In programming on the other hand, there is Compiling and Running the program. This represents a difference between writing and programming, in programming, the programmer gets feedback very early on whether the program text is executable, during compiling. Furthermore, they get feedback on whether the program is working as intended. One could argue that, in writing, the first ‘execution’ of the program happens when someone else reads it, and that it is thus takes longer to know whether a text has the desired intend. Of course writers themselves can read the text and ‘execute’ it, but the question is if that really executes the text alone. If the writer reads the text, can they refrain from also taking into account the context and intentions?
In the remaining sections, we will first discuss the similarities in the first and last steps, and then the differences mainly occurring in the middle parts.
In this section, we zoom in on the similarities in the steps, which mainly occur in the beginning and end of the process.
5.1 Getting to know the context
The first steps in both fields concern the context of the text and code. What needs to go in? Who is the target audience? What do I want my text to convey, or my program to do?
When starting a new project, assignment, or exercise in writing or programming, the first step is setting of the goals. What subject must the text be about, or what problem must the computer program solve? What kind of text does the writer wants, or has, to write; a fictional story, recipe, or maybe a blog on his website? Who is the intended audience and what are the demands of a possible client or reader? With these goals in mind, writers start gathering information about the subject. They may use various kinds of sources like their own imagination and emotions, experiences of others, information found in external sources like books, videos and websites about the subject.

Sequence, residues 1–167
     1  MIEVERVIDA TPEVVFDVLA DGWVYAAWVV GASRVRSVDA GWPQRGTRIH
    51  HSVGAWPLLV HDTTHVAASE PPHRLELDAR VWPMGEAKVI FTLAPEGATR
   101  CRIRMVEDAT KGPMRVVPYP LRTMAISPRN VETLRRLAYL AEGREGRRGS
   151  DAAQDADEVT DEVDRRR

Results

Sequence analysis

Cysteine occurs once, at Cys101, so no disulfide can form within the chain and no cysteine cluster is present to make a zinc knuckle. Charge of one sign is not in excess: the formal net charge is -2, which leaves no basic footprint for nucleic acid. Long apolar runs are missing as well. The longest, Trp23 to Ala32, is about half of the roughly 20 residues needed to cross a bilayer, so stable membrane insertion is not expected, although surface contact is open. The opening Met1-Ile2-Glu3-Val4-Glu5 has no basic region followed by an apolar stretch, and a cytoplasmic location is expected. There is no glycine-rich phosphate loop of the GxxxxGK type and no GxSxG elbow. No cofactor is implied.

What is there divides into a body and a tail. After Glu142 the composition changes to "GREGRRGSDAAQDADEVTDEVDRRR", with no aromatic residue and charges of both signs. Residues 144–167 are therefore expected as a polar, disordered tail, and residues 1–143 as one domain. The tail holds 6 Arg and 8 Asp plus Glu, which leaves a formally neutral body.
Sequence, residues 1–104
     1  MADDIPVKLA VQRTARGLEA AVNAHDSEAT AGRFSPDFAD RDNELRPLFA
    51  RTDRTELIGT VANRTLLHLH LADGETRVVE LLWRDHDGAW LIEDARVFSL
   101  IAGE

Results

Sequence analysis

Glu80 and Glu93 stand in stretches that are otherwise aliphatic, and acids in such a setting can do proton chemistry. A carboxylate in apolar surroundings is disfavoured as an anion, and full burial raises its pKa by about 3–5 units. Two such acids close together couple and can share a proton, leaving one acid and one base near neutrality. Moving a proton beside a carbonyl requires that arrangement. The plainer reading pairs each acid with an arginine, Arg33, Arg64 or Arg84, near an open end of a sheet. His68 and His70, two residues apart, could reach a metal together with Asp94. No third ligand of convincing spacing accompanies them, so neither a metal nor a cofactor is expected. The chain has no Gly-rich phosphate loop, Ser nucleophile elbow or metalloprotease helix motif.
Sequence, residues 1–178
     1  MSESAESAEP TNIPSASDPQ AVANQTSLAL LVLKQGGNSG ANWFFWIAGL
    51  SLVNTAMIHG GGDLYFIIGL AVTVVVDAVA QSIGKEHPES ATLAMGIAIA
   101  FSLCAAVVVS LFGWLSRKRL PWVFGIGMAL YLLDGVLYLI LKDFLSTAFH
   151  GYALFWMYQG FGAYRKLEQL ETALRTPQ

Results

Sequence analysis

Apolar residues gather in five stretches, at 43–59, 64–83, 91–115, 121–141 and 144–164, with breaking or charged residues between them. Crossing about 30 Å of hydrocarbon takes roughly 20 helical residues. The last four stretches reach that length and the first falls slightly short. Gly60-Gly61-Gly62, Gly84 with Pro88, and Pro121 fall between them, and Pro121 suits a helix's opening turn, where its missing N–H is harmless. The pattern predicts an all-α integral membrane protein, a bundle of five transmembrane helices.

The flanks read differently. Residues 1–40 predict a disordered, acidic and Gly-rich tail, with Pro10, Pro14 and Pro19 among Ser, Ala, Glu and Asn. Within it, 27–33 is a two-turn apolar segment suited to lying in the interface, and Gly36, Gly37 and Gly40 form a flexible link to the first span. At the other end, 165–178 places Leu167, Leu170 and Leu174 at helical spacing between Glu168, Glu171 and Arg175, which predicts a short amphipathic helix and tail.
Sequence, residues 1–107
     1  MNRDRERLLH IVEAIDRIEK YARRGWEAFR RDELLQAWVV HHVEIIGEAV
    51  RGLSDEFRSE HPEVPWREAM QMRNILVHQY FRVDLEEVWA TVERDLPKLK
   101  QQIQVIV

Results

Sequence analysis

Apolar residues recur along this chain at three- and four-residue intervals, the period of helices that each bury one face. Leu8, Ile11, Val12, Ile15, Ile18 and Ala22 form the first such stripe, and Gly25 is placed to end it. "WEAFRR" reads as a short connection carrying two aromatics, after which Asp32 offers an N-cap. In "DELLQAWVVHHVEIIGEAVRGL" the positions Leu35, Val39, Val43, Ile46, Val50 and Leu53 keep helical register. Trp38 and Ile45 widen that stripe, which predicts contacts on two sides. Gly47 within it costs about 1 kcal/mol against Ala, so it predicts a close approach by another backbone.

In programming, the gathering of information is a field of research in itself: requirements engineering. There are numerous different techniques for eliciting the requirements from a user (Kotonya, 1998), (Sommerville, 1997), (Pohl, 2010).
In this context, we are mainly talking about the process in which software is made for a customer. Of course, there are also projects that start because programmers really want to make something for themselves, without fixed requirements. Even in that case, a first step will often be gathering information, such as which programming language, library or API to use, or what similar system might exist.
5.2 Making plans